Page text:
Thank you Schwartz and Wade and Penguin Random House for sending me a copy of I Walk with Vanessa. All thoughts and opinions are my own and not influenced by the free book.
by Cate Berry
illustrations by Charles Santoso
Penguin & Tiny Shrimp Don’t Do Bedtime is a take on the traditional bedtime story. This one is all done through word bubbles like in comics and graphic novels. Penguin and Tiny Shrimp are like all little ones in the fact that they don’t want to go to bed. They think that they are going to miss out on all the fun if they go to sleep. This one goes a little off the bedtime picture book path in the fact that includes all the fun – loud – active activities that do not go with quiet bedtime. From fireworks to singing out loud to jokes they try it all. Eventually like all little ones Penguin and Tiny Shrimp get tired and they can’t fight sleep any longer. They end the book with climbing into bed and going to sleep so they will be rested up for a another day of fun and another dreaded bedtime routine battle to end the new day. Kids will love this and laugh at Penguin and Shrimps antics. This is a really cute bedtime book that I know my girls would have loved when they were that age. The story is short and fast paced, the word bubbles make it more fun since it is all (mostly) dialogue lead. The illustrations are bold and colorful and not cluttered. This picture book is a must read for bedtime with little ones!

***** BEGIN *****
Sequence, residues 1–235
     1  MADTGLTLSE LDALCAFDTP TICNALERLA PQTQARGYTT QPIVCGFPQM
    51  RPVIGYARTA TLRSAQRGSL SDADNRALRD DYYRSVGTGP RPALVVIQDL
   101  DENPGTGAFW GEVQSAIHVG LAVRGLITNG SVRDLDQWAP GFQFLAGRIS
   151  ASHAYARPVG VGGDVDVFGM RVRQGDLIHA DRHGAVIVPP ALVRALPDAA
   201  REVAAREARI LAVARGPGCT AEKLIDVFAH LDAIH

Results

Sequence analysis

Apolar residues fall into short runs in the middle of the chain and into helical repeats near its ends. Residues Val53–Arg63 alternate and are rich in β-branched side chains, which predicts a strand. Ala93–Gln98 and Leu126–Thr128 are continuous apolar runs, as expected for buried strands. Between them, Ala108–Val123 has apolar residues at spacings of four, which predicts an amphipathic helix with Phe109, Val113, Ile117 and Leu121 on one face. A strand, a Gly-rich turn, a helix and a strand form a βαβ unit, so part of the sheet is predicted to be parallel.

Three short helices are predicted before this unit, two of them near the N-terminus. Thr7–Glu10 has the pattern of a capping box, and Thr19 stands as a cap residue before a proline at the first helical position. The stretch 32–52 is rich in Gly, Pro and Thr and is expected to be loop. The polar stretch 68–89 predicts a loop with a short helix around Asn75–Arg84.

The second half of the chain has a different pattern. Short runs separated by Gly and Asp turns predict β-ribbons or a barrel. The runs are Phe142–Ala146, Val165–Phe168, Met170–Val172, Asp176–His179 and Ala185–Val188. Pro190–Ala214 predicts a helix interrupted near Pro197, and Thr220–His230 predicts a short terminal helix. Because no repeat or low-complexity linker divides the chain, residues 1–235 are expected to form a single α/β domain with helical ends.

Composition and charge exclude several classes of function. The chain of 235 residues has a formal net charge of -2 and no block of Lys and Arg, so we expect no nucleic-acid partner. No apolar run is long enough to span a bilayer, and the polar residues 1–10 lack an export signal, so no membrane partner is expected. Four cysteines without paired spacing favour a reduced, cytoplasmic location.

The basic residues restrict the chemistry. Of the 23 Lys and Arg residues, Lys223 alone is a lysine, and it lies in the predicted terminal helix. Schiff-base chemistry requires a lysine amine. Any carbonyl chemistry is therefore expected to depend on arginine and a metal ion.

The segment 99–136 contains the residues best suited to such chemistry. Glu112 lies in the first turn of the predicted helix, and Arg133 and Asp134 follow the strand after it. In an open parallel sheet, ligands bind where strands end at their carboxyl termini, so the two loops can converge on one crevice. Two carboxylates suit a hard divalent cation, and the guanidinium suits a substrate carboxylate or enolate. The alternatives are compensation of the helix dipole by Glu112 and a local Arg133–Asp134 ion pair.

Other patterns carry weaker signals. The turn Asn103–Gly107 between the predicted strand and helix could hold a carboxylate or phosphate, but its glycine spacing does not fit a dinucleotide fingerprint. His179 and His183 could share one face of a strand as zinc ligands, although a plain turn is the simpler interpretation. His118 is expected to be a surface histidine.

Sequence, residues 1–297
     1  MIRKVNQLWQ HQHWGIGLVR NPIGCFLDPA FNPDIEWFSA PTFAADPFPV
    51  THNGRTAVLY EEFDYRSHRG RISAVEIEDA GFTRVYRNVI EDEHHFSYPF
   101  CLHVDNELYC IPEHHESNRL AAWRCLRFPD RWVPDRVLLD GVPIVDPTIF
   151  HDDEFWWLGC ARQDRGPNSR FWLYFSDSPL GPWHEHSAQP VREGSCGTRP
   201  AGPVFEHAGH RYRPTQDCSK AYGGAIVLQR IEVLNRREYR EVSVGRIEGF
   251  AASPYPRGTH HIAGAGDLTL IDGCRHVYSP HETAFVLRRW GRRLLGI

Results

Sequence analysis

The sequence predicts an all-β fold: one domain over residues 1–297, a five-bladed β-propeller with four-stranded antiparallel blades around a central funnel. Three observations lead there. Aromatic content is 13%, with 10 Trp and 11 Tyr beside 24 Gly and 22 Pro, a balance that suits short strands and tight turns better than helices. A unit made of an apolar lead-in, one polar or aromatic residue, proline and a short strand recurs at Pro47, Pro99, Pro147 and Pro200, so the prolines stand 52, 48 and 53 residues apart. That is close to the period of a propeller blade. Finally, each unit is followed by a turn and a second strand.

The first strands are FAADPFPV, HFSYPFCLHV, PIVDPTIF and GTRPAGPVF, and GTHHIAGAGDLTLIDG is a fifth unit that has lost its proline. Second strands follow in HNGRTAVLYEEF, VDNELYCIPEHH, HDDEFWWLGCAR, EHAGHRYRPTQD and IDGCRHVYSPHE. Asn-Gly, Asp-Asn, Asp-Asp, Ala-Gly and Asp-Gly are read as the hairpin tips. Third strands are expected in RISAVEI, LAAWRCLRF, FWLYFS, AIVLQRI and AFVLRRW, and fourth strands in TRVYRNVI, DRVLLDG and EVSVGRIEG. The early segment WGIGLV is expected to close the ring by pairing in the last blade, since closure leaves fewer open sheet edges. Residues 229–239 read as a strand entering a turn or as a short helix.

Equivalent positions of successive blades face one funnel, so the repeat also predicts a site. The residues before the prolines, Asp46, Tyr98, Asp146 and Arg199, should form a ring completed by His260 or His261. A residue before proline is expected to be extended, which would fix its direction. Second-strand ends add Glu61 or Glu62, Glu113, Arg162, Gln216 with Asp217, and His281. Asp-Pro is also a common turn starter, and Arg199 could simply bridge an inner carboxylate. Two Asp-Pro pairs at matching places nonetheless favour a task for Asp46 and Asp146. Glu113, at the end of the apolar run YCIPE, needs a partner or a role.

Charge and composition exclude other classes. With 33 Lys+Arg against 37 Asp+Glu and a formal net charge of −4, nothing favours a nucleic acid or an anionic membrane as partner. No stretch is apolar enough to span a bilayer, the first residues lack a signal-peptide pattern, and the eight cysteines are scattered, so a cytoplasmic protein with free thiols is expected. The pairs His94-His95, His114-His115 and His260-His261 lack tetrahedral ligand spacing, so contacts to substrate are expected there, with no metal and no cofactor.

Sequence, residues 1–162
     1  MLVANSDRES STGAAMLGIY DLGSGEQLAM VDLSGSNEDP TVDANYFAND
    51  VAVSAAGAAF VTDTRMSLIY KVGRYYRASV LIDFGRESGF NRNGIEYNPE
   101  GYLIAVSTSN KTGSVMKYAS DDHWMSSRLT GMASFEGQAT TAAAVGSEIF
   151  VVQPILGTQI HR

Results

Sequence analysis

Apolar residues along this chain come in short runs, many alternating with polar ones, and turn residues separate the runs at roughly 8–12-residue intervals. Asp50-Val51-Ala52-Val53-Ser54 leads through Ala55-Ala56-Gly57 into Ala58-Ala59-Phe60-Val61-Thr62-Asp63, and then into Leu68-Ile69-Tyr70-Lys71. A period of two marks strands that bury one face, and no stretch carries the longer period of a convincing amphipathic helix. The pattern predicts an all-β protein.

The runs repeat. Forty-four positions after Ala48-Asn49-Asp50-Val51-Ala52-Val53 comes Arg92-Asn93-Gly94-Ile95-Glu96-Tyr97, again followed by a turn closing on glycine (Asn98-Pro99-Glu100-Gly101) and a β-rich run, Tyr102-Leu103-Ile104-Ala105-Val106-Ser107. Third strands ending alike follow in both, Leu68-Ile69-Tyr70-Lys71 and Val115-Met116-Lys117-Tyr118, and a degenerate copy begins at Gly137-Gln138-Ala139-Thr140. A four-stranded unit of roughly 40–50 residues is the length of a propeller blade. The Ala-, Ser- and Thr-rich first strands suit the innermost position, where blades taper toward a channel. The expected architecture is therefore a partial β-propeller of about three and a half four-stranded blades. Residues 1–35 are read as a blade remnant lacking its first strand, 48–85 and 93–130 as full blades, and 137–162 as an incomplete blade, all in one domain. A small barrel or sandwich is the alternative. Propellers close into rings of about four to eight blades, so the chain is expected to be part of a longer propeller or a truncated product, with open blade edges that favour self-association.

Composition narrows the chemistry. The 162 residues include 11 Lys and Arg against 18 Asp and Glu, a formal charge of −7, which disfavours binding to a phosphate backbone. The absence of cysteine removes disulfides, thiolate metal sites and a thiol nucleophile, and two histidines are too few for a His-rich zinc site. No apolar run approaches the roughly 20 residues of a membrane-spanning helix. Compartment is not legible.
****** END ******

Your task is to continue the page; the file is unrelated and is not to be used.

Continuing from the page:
Cute joke from the book: ” What do you call a fish with two knee’s?” A Tunee Fish! 🙂
About the book: Penguin and Tiny Shrimp DO NOT have a bedtime story to share with you.
There are no soft beds or cozy covers here. There are fireworks! And shark-infested waters!!
This book will never make you sleepy. Not at all. Not even a little. . .
Thank you Balzer & Bray and HarperCollins for sending me a copy of Penguin & Tiny Shrimp Don’t Do Bedtime. All thoughts and opinions are my own and not influenced by the free book.